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Corynebacterium diphtheriae

Diphtheria is a serious bacterial infection of the respiratory tract and remains a healthcare risk in parts of the world where vaccine coverage is low.

Diphtheria can cause serious inflammation of the throat. Corynebacterium diphtheriae bacteria release a toxin that leads to the formation of a thick greyish-white membrane coating the back of the throat and in the most severe cases, blocks the airways. Infection can be fatal.

At The Native Antigen Company, we offer both purified and activity tested diphtheria toxin and antibodies specific to the toxin, for IVD assay development and vaccine R&D.

Corynebacterium diphtheriae Background

The gram-positive bacterium, Corynebacterium diphtheriae was first identified in 1888 as the causative agent for the infectious disease known as diphtheria. The bacterium is spread from person-to-person through contaminated aerosols, distributed by coughing or sneezing, and through contact with surfaces contaminated with infectious secretions.

Diphtheria primarily affects the throat and upper respiratory tract, but its toxin is known to affect other organs. The symptoms of the disease are a sore throat, malaise, low-grade fever and swollen neck glands. The toxin can also cause a membrane of dead cells to form over the throat and tonsils, resulting in breathing difficulties, and in some cases death from asphyxiation. In severe cases, the toxin may cause neurological complications or heart failure. Patients with diphtheria are currently treated with antibiotics to kill the bacteria, and antitoxin to neutralise the effects of the diphtheria toxin (CDC).

Since 1945, diphtheria vaccination programs have been successful in reducing cases of diphtheria worldwide by 99%. However, diphtheria is still a significant problem in some countries and outbreaks have been reported in the former Soviet Union, India, Myanmar, Malaysia and the Philippines, possibly due to ineffective immunisation programs and poor vaccine quality. In addition, waning immunity to diphtheria toxin may occur in individuals who have been immunised in childhood but have not been exposed to diphtheria in later life. Various global studies report that diphtheria seronegativity increases with age, suggesting that booster vaccinations may be necessary in adults (WHO, 2017).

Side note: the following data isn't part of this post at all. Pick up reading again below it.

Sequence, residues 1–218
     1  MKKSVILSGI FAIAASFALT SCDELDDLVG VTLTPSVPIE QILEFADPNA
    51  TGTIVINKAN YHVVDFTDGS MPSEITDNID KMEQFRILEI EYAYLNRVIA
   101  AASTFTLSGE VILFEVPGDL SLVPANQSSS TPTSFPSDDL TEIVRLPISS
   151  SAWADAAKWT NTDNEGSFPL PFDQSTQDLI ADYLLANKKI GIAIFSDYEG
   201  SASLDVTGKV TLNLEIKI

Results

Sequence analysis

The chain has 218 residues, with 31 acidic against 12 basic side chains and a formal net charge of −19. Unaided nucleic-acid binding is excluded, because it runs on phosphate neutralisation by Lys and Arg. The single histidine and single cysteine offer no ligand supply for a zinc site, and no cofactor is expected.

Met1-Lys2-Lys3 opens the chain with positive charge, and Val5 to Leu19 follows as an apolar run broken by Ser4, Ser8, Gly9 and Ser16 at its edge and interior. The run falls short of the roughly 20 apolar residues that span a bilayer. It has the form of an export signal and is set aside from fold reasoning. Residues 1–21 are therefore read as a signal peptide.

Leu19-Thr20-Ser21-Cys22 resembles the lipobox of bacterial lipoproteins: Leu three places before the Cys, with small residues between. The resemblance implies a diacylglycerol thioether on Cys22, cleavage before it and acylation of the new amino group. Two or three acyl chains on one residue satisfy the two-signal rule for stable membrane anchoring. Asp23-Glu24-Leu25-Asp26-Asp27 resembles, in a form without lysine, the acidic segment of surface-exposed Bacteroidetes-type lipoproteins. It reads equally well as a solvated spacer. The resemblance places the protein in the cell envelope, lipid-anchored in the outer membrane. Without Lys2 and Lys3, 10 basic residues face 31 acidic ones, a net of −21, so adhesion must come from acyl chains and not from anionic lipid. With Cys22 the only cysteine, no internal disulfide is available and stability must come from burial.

References

  1. Freeman VJ, Morse IU. (1952). Further observations on the change to virulence of bacteriophage-infected a virulent strains of Corynebacterium diphtheria. J Bacteriol. Mar;63(3):407-14.
  2. Center for Disease Control and Prevention: Diphtheria
  3. World health Organization: Diphtheria vaccine. Review of evidence on vaccine effectiveness and immunogenicity to assess the duration of protection ≥10 years after the last booster dose. April 2017
  4. Center for Disease Control and Prevention: Diphtheria, prevention

Corynebacterium diphtheriae Antigens

Diphtheria toxin (DT) is a 62 kDa protein belonging to the family of ADP-ribosylating bacterial toxins. It is secreted by toxic strains of Corynebacterium diphtheriae, carrying a lysogenic bacteriophage that encodes the toxin gene (Freeman, 1951).

Our purified DT is used in immunoassay manufacturing, but is also widely used in cell biology applications for depletion of DT-receptor expressing cells in transgenic mouse models. Every batch of our DT is activity tested in cellular depletion assays.

Corynebacterium diphtheriae Antibodies

Corynebacterium diphtheriae antibodies supplied by The Native Antigen Company recognise diphtheria toxin and are suitable for immunoassay research and development.

We offer two antibodies, one specific to the A chain of the diphtheria toxin. These antibodies can be used as a pair in immunoassay design.

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